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Cohen Commission Inquiry Into BC Salmon Commences

Salmonids Sustainability +2 more

CANADA - A long investigation began today (25th October) into the decline of the British Columbian (BC) Fraser River Sockeye Salmon.

Hearings will run primarily Mondays through Thursdays and are scheduled from 10 am to 12:30 pm and 2 pm to 4 pm each day. These hearings are open to the public and will be held at the Federal Court at 701 West Georgia Street, 8th floor. Evidentiary hearings will run through mid- December, and continue in the new year.

Currently, topics scheduled for the first two weeks are: Fraser River Sockeye life cycle; Perspectives on the Aboriginal and treaty rights framework underlying the Fraser River sockeye salmon fishery; Conservation, sustainability and stewardship; and DFO’s organizational structure.

Based on its findings, the commission will make recommendations for improving the future sustainability of the sockeye salmon fishery in the Fraser River, including, as required, any changes to the policies, practices and procedures of the Department of Fisheries and Oceans in relation to the management of the Fraser River sockeye salmon fishery.

"We're looking forward to the opportunity to clarify misinformation that's been presented to the public about our business as well as bring forward the large amounts of research and planning our industry has conducted to ensure our operations are sustainable," says Mary Ellen Walling, executive director of the BC Salmon Farmers Association.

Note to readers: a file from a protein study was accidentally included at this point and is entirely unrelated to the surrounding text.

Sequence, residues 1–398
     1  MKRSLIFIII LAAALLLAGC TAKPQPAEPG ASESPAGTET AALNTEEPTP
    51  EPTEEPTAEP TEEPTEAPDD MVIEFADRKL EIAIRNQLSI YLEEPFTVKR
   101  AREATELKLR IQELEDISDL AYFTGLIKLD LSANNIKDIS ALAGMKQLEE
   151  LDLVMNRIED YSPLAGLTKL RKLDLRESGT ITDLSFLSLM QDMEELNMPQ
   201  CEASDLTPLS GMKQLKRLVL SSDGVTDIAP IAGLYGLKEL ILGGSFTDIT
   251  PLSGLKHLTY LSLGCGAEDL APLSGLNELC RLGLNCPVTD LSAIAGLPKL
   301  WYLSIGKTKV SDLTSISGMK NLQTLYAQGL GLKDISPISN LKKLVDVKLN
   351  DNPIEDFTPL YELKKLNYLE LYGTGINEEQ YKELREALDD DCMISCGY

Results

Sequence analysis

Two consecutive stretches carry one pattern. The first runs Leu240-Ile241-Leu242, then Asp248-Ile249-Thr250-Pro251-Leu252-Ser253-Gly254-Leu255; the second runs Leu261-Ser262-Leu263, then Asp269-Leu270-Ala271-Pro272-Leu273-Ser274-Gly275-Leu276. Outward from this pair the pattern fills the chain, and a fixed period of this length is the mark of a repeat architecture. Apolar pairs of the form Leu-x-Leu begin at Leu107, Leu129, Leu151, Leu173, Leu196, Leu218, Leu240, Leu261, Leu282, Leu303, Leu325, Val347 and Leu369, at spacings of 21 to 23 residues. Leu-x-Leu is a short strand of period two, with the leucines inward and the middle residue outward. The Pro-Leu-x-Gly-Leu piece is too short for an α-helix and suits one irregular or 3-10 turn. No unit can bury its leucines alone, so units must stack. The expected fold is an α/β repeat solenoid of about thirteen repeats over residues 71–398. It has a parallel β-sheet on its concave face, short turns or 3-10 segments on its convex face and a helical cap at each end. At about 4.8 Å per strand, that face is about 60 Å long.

"There has already been a lot of work done by many people both within the commission and from the general public," adds Ms Walling. "We're glad to be at this stage and to see this complex process proceeding."

The BC Salmon Farmers Association has standing at the commission, headed by Justice Bruce Cohen. In June, Justice Cohen released a discussion paper outlining the issues he would be investigating - among them are the Department of Fisheries and Oceans regulations, harvesting methods, fish biology, water pollution, salmon farming, logging, hydro, urbanization, climate change and more.

Supporting the wild salmon population is an important cause for everyone and the salmon farming industry is confident that the Cohen Commission will see the big picture. Changing climate conditions, the global warming effects, changes in ocean currents, the impact due to economic development and urbanisation are just a few of the many other factors which need to be considered.

The salmon farming industry has been consistent - in that the practice, the productivity, fish management, disease and health management have all been constant regardless of the sockeye return fluctuations.

There have been significant population variations in BC's wild salmon numbers although the farms have not changed how they operate; suggesting that farms are not responsible for these differences in return numbers.

"We know our numbers are good, our farms have remained the same and there haven't been any notable differences. There is a lot to consider when discussing the Sockeye. The workers and people from the salmon farming industry have faith in the system", said Ms Walling.

Over the last few months, the commission has hosted open forums, accepted public submissions, conducted observational visits and developed the process to come - all against the backdrop of a Sockeye return hailed as the largest in 100 years.